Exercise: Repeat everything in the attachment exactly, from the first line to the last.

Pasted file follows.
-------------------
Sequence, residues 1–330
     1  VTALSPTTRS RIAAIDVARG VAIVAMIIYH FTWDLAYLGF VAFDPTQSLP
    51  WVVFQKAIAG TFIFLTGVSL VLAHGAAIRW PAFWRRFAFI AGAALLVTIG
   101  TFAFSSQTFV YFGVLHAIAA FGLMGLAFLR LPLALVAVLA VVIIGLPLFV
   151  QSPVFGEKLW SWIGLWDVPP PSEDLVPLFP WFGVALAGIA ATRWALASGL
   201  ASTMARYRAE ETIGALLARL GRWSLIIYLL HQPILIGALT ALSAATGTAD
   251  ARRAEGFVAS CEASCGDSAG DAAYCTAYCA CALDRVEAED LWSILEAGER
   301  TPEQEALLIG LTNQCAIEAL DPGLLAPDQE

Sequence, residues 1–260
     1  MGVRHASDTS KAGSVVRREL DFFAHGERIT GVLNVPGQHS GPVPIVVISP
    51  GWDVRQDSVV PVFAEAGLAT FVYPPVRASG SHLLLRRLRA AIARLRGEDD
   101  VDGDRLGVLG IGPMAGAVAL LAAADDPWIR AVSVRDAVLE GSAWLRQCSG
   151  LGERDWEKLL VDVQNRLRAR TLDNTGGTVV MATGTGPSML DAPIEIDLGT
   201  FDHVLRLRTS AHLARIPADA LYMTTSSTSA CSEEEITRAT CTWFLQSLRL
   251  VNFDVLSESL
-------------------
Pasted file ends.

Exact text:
Sequence, residues 1–330
     1  VTALSPTTRS RIAAIDVARG VAIVAMIIYH FTWDLAYLGF VAFDPTQSLP
    51  WVVFQKAIAG TFIFLTGVSL VLAHGAAIRW PAFWRRFAFI AGAALLVTIG
   101  TFAFSSQTFV YFGVLHAIAA FGLMGLAFLR LPLALVAVLA VVIIGLPLFV
   151  QSPVFGEKLW SWIGLWDVPP PSEDLVPLFP WFGVALAGIA ATRWALASGL
   201  ASTMARYRAE ETIGALLARL GRWSLIIYLL HQPILIGALT ALSAATGTAD
   251  ARRAEGFVAS CEASCGDSAG DAAYCTAYCA CALDRVEAED LWSILEAGER
   301  TPEQEALLIG LTNQCAIEAL DPGLLAPDQE

Sequence, residues 1–260
     1  MGVRHASDTS KAGSVVRREL DFFAHGERIT GVLNVPGQHS GPVPIVVISP
    51  GWDVRQDSVV PVFAEAGLAT FVYPPVRASG SHLLLRRLRA AIARLRGEDD
   101  VDGDRLGVLG IGPMAGAVAL LAAADDPWIR AVSVRDAVLE GSAWLRQCSG
   151  LGERDWEKLL VDVQNRLRAR TLDNTGGTVV MATGTGPSML DAPIEIDLGT
   201  FDHVLRLRTS AHLARIPADA LYMTTSSTSA CSEEEITRAT CTWFLQSLRL
   251  VNFDVLSESL